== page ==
Running across the fields he seemed to easily take the low walls and hedgerow in his stride. Pfzzzzzz… Aleksandra turned to see arrows shivering through the air - smacking into the mud several paces from where she lay. The mounted invaders were still several hundred yards off so the feathered missiles were falling short of their mark - but Aleksandra knew, not for long. She attempted to stand even as
Dariusz continued running toward her.
It wasn't until he was within a few feet of her that an arrow embedded itself deeply into the flesh of his chest - near the shoulder - with a thwacking, squelching shudder. He faltered, blood draining from his face, but still he ran - only dropping to his knees when he had reached her side. Swiftly he scooped her up into his arms and held her tightly - pressing his cheek to her forehead.

'Are you alright, Aleks?'

She did not answer, could not answer. All she was able to do was bury her face in the warming heat of his bloody chest and sob uncontrollably.

The charging Tartars were now less than three hundred feet away. Horses galloped. Hooves thumped and churned the heavy black soil. Warriors shrieked. Arrows continued to pierce the air and plunge into the ground about them.

Aleksandra bit her lip - attempting to stop her sobbing - staring in horror at the arrow, which was stuck firmly in Dariusz' torso, and then up at his face - contorted with fear and pain. His agony consumed her even as he turned with her cradled in his arms and rushed toward the village - tripping over stiles, twisting and veering to avoid the continuing onslaught.

The horsemen were gaining ground - quickly eating away the distance between themselves and their quarry.

Dariusz headed straight toward the outermost cottages of the village.

As they neared the closest, the thick thatch of the dwelling's roof burst suddenly, explosively, into flame. Debris and heat reached out to embrace them. Aleksandra flinched - jerking up and back in disbelief as flaming arrows shimmered through the air - hundreds of fiery missiles arcing high across the sky, leaving black pluming trails before coming to rest in the thatch of the ancient cottages. The blaze spread rapidly, unchecked - jumping from roof to roof, leaping and tumbling from cottage to barn. Dogs barked. Stray goats scurried into deserted laneways and streets now heavy with rolling sooty effluence. Flames licked hungrily at the wooden shutters and doors of the old stone buildings directly before them.

Aleksandra squeezed her eyes shut, pulling herself more tightly into Dariusz' chest as he dashed between the first of the cottages. The roaring blaze and thick choking smoke engulfed them immediately. Seconds later a score of Tartar horsemen rode through the same conflagration. Blinded by fear and billowing blackness, Aleksandra and Dariusz were buffeted by the strong bodies of the horses - flickering flame, menacing horseflesh and armoured-leather boots moving and knocking roughly all about them.

Aleksandra sensed Dariusz' desperation and confusion as he turned to and fro but she clung to him anxiously - that was all she could do. Smoke filled her lungs and burnt her eyes, distilling the realization that even with his efforts, they were, indeed, trapped. There was the glint of metal… one of the Tartars raising a sword. Orange flames caressed and shimmered along its length. Apparently, instinctively Dariusz ducked, pressing Aleksandra between himself and the foam-covered flank of one of the chargers.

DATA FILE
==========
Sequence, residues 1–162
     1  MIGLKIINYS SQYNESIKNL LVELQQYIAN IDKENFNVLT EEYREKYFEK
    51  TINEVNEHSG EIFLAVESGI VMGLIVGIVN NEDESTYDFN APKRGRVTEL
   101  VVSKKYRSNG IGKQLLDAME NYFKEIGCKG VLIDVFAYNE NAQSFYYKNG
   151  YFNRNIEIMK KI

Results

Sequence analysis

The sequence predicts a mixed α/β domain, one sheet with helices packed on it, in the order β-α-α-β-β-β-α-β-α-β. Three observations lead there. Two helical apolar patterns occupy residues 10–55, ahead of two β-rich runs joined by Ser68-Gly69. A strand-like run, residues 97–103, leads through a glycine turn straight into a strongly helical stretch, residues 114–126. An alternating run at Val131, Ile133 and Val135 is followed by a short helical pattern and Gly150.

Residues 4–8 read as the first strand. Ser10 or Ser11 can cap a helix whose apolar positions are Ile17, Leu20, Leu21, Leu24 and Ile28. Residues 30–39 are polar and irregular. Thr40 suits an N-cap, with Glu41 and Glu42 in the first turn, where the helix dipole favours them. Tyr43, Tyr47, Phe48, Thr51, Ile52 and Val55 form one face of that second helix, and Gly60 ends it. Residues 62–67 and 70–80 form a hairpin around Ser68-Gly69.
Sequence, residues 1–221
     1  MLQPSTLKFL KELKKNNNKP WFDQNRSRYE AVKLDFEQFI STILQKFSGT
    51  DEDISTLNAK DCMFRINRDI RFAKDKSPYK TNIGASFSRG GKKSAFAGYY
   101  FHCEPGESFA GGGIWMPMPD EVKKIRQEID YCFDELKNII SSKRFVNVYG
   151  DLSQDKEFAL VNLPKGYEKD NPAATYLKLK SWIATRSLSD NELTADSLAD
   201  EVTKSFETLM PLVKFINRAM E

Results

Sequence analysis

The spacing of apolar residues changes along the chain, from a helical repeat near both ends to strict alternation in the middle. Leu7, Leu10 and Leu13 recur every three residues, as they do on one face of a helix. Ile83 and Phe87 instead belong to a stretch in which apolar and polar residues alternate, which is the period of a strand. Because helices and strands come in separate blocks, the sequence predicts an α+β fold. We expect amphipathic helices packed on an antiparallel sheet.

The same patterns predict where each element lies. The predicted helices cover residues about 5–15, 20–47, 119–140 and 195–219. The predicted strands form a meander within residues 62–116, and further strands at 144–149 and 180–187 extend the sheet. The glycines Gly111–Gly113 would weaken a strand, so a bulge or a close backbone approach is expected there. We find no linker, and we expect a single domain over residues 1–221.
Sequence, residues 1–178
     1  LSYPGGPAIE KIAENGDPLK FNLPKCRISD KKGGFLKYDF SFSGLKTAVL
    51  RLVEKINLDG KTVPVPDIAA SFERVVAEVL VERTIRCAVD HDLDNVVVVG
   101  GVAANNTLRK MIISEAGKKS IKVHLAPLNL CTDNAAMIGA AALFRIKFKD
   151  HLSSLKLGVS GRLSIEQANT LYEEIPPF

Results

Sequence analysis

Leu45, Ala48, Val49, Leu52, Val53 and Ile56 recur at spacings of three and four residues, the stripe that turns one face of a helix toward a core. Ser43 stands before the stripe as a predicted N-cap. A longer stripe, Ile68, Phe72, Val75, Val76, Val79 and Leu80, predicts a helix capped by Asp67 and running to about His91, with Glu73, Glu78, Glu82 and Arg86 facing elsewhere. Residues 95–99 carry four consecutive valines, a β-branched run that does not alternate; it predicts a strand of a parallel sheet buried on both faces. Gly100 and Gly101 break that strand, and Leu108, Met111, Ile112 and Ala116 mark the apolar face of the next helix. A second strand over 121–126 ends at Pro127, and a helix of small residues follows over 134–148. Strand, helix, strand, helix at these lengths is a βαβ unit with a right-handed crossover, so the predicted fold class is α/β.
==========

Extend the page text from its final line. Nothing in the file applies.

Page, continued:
The weapon sliced down through the haze, embedding itself in the flesh…

… of the animal directly behind them. The stallion screamed - a distressing utterance that Aleksandra could never have imagined - and faltered sideways - throwing its rider to the ground.

Dariusz turned frantically, but was once again caught between the bellies of two of the mounts. A large Tartar boot angrily, solidly, kicked him in the chest - inches from Aleksandra's horrified gaze. The heavy boot clipped the protruding arrow, pushing it deeper into Dariusz' flesh and then breaking it off just above the skin. He let out a deep agonized yell.
Abruptly he stumbled and dropped, awkwardly, to the ground.

Aleksandra screamed, falling with him - slamming awfully onto the cobbles. The hooves and legs of the warriors' horses now towered around them. Metal-plated hooves thumped into the dirt and loose rocks about their prone bodies. She felt as Dariusz gripped her once more and began to roll - pulling her with him. They rolled under two of the horses, then a third. Trail-sharpened hooves struck down repeatedly - cutting into Dariusz' legs and back as somehow he tried to guard her from the blows. The full weight of one horse bore down brutally against him, pushing the breath from Aleksandra's own lungs, as she lay protected beneath his body. The anguish of Dariusz' yell - his cheek pressed against hers - could only make her wish for immediate death. Please, the unphrased plea seemed to plunge through her mind.

They kept rolling.

Masked by flame and smoke, they tumbled free from the melee and under the raised wooden door of a small barn that bounded the lane. It was the blacksmith workshop.
Enveloped by the dense smoke - the roof and timbers above inscrolled by curling flames - Aleksandra unexpectedly felt some small sense of relief, in the middle of all that was occurring, as Dariusz rose from the ground and pulled her to her feet - holding her full weight so as to keep it off the twisted ankle.